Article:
In effect, MSU went from levels of marijuana use that were a bit below the national average for college students to a bit above, though still within the survey's margin of error.

At the same time, self-reported use of most other illegal drugs was declining, though MDMA, often called Molly or Ecstasy, was an exception.

"What's different about marijuana use is the perception," Martell said, both the perception among students that more or less everyone else is doing it and the perception that it's basically harmless.

"Most of the conversation about marijuana these days is about medical use or decriminalizing or legalizing," Martell said. "I can tell you that most students don't perceive marijuana as harmful. They just don't."

Strict policies

But, if anything, marijuana is treated more strictly on campus than off.

Marijuana isn't allowed at MSU, even for students who have medical marijuana cards, a policy based on federal rather than state law.

Between 2010 and 2012, MSU graduate Lilly Keyes lived in Snyder-Phillips Hall, home of MSU's Residential College for Arts and Humanities.

She said there were a handful of times when the smell of marijuana was noticeable in the dorm, but it was never a "huge issue."

She can't see her fellow students calling the police about a floormate's marijuana use.

"If anybody heard about it or smelled it, they would have told their RA."

As it happens, dorm residents "calling in the smell of marijuana," or even telling resident assistants, who would be expected to call the police, can't account for most of the increase in arrests.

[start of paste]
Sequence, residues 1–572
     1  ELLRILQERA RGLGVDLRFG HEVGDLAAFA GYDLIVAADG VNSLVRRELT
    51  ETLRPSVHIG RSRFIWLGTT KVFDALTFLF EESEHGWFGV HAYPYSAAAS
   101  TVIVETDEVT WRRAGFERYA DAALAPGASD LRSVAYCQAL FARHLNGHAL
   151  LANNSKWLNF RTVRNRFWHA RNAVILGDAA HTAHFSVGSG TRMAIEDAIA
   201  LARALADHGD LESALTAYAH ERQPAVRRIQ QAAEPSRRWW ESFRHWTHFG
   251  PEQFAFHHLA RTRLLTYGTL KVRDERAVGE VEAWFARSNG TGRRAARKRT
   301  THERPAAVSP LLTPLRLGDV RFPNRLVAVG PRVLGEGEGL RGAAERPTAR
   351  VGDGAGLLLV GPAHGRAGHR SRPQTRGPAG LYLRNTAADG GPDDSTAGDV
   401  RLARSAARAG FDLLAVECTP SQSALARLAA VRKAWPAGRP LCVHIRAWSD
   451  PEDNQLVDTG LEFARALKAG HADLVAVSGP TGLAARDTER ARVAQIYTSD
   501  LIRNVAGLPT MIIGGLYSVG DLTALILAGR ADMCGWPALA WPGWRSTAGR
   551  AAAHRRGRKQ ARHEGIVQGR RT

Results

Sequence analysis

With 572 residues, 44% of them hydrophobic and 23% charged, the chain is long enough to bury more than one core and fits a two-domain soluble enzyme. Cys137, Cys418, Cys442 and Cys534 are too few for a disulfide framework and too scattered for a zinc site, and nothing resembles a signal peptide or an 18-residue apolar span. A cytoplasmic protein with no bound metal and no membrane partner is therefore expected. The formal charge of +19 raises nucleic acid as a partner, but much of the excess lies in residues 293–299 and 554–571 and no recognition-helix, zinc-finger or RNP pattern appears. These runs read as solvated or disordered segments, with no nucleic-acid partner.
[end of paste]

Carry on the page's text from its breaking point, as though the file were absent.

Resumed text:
Of the 261 drug arrests on campus in 2012, just 106 occurred in the residence halls, which is more than double the number from 2010, but still just a fraction of the increase. They're a factor none­theless.

"I think our staff is doing a better job, and I think we're empowering our students to report," said Kathy Collins, MSU's director of Campus Living Services and Residence Life.

The university also is placing more police officers in the residence halls.

Its community policing program began before Collins came to MSU at the start of 2012, but during her time officers have been assigned specifically to the Brody Complex and the older residence halls on the north end of campus known collectively as the North Neighborhood.

Attorney Mike Nichols, who has represented numerous MSU students charged with drug crimes, said he believes MSU and East Lansing police in recent years have been targeting people suspected of driving under the influence of drugs. That could explain some of the increase in drug arrests.

"Overall, there's a major emphasis on drugged-driving," he said.

But alcohol-related arrests are decreasing, Nichols said, and law enforcement agencies "need to find a supplement."